How about consultants having to work on the most shitty projects? I am sure this can also happen sometimes, but now it is clear that in these modern companies the norm is the exact opposite. Typically - as well as factually in my current project - a team of consultants is tasked with the most challenging (meaning most interesting, creative and fun) projects that produce novel software applications with the latest and greatest technologies. In my case we are working on a green-field project to create interactive self-service kiosk for finnish Post. We enjoy a great deal of responsibility and freedom in our choices of architecture and technologies and I was able to choose the immensely productive ClojureScript / Re-Frame combo for the front-end while we use AWS Lambdas for integrating to the existing backend-services of the customer. The in-house developer team of our customer, on the other hand, is tasked on average with less challenging and innovative work of maintaining and bug-fixing of their existing production applications using older technologies.
The impotance of good colleagues
Good colleagues matter. Not only in gaining the respect of customers through good performance, but also simply as enjoyable and interesting human beings to spend your days with. It seems to me now, that some of the best tech people tend to gravitate to these next-generation consulting companies. This "good" should not be taken too narrowly to mean knowledge, skills and intelligence - while those are also important, the real kick that comes with these people is their character: Great unique humans with charm, personality, passion and stories to tell. Perhaps it is not just a coincidence that highly skilled people tend to also be quirky and colourful in interesting and delightful ways.
With Nitor colleagues on our trip to Italy in September
Of course it is also relative question who are "good colleagues" for any particular person. So perhaps it is more accurate to talk of "culture match": that the best colleagues for someone are the ones that are like-minded with similar values and culture expectations. When a company succeeds in bringing together people who are compatible in this way, it forsters creation of valuable feeling of "coming home", of another family.
The more stable business model of consultant companies might also help bring out the best of a person. In all my past product companies, I have seen normally nice and friendly people turn to anxious and aggressive behavior and relationships sour when finances turned bad and consequently opinions about fixing the situation become too extreme.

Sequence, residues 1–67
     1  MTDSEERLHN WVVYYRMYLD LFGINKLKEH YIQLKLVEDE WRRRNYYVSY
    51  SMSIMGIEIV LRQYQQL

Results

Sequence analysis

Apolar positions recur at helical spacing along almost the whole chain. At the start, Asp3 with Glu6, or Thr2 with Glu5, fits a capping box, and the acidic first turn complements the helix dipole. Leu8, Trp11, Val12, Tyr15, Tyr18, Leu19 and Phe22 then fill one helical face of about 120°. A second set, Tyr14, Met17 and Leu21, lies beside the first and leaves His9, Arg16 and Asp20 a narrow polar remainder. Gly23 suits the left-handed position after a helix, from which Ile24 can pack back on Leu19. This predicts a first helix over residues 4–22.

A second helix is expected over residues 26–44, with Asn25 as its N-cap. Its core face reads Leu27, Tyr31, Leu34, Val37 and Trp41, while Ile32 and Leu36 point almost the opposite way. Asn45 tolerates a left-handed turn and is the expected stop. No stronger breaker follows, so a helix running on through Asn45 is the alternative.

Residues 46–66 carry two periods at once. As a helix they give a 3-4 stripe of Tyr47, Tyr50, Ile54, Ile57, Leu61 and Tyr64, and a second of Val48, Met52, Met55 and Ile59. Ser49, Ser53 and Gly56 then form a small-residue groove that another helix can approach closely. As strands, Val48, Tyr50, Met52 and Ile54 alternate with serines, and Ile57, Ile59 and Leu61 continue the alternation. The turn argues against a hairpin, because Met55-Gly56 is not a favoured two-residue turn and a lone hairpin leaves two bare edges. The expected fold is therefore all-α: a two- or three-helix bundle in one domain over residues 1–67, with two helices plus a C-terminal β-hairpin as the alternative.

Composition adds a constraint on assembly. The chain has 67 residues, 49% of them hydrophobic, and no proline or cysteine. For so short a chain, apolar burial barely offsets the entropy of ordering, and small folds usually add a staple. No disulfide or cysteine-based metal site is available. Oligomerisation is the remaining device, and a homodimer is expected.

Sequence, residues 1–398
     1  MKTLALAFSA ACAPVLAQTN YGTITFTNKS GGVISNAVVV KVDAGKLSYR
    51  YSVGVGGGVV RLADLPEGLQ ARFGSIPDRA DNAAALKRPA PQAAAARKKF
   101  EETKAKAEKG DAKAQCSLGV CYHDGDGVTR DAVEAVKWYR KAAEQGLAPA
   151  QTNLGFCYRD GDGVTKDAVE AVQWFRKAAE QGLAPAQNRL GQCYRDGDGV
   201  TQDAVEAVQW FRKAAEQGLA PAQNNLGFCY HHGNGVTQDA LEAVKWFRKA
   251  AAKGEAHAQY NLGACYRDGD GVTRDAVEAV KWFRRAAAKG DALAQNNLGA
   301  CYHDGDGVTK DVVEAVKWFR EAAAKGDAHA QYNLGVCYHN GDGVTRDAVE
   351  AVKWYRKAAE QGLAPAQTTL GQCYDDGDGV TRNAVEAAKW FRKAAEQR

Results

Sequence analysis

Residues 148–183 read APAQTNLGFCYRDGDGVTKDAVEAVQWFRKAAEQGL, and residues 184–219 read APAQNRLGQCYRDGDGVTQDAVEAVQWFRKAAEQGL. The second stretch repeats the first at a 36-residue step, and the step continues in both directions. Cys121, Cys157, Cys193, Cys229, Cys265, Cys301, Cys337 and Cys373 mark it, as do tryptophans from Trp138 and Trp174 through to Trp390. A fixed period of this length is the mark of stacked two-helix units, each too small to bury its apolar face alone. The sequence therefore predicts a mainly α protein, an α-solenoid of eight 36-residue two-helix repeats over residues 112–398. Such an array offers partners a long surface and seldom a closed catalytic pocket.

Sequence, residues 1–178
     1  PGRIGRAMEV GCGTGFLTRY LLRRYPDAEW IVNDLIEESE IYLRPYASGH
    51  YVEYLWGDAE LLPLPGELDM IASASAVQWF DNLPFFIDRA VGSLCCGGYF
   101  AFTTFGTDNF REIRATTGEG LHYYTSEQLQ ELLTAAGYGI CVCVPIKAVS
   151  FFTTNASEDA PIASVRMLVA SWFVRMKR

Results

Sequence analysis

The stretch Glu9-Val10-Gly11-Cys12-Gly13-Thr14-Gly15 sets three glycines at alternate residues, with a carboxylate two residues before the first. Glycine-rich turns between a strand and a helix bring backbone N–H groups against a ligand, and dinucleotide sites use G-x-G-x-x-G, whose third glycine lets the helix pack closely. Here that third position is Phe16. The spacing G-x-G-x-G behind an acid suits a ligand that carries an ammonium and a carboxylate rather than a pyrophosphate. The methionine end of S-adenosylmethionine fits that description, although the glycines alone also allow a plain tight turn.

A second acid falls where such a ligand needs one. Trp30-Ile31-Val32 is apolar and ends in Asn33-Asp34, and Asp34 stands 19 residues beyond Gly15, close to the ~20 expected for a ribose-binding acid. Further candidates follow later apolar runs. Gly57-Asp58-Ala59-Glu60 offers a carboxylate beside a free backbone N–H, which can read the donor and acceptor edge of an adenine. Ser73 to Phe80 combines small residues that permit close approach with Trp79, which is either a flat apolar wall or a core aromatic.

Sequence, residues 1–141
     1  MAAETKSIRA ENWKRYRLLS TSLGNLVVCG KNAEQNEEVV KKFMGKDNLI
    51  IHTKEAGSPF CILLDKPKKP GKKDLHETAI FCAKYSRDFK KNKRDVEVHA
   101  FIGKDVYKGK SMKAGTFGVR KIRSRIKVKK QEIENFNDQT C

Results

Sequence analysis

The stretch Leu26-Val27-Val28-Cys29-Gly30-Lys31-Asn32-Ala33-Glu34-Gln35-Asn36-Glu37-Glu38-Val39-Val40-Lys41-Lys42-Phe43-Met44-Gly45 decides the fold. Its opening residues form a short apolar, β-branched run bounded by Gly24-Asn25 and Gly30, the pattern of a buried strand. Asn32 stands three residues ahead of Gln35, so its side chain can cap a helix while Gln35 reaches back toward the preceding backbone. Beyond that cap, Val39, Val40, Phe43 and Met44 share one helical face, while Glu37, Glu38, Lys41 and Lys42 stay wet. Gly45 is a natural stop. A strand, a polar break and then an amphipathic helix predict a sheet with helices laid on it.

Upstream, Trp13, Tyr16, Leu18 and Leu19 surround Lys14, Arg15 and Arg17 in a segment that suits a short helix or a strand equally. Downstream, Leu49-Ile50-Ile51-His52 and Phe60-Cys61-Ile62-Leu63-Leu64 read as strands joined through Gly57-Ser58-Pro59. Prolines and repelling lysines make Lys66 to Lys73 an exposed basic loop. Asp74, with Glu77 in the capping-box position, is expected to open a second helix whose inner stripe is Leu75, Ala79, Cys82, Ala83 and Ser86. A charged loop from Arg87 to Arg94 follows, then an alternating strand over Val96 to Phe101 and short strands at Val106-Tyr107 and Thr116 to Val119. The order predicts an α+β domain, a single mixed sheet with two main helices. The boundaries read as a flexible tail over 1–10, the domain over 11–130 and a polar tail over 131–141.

The psychology of ownership
What about my biggest original hurdle, my feeling that I must be working for product company in order to have a feeling of ownership of my work? In this case it turned out I was just wrong. It turns out that it does not much matter what is the chain of organisations and their agreements through which one ends up contributing to some project and product. I found out that once I do contribute to a product, once I do innovate and use my skills and write the code and features and once customers see the product and use it and are delighted by it - then regardless of anything else it feels that it is mine and ours and that nothing can take that feeling and pride away.
Customers exploring the new Post self-service kiosk that
our Nitor team launched in the summer
And even if being one degree more remote from the product does sometimes slightly lower the ownership feeling, that's not an entirely bad thing either. Towards the end of my career at Napa I think many of us, including myself, become too attached to the product, starting to take the ups and downs of the product too personally. This resulted in inevitable bad feelings when the product was suffering with heavy technical debt that seemed impossible mountain to climb. Occasionally it can be advantageous to be able to take slight healthy distance to the product in order not to become too obsessed about it.
Is the Grass Greener?
Of course, life is not always sunshine anywhere. I have also experienced hard moments at Nitor, when three weeks into my first project the deadline for the first release was already close and we had zero use cases ready for launch. It was hard for the first project, but I have seen other hard things in my career too. What matters is that all my colleagues on all levels were very supportive in that difficult situation and in the end we got over it and I recovered to have very enjoyable project with good feelings both in the team and by our customers.
In terms of programming technologies, consulting companies might on average be more on the latest-and-greatest side of the curve than product companies with any length of history. So there might be a bit less need to compensate lack of learning in work by high-tech hobby projects like I have been doing during my years. Indeed it is remarkable that I am currently able to use in my main project the wonderful ClojureScript / Re-Frame combo that I had earlier used only in hobby projects.
Changing jobs can be a bit radical, even harsh. Especially for a nerd like me whose colleagues usually form my main circle of friends. With such social setting moving companies can be like a small divorce. Prospect of that has been at least in my case resulting in delaying leaving a company bit too long after things have already turned sour. And herein lies the final reason why I eventually warmed up to a possibility of life in consulting: I hope and expect to be able to "change jobs without changing jobs" - rotate to other customer projects when the need arises and still keep well-connected to my colleague-friends. Perhaps that is the sweet-spot between the possibility for social continuation on one hand and possibility for personal renewal and growth on the other. Only time will tell, but so far I am happy I opened my heart to a consulting company.